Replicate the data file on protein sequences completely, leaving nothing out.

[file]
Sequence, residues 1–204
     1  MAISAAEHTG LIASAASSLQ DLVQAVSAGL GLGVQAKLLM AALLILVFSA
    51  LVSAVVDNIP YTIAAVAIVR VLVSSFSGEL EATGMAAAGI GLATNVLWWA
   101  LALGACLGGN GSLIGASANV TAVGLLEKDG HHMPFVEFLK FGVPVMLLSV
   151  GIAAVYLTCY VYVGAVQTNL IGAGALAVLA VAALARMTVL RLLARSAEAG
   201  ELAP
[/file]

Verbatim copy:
Sequence, residues 1–204
     1  MAISAAEHTG LIASAASSLQ DLVQAVSAGL GLGVQAKLLM AALLILVFSA
    51  LVSAVVDNIP YTIAAVAIVR VLVSSFSGEL EATGMAAAGI GLATNVLWWA
   101  LALGACLGGN GSLIGASANV TAVGLLEKDG HHMPFVEFLK FGVPVMLLSV
   151  GIAAVYLTCY VYVGAVQTNL IGAGALAVLA VAALARMTVL RLLARSAEAG
   201  ELAP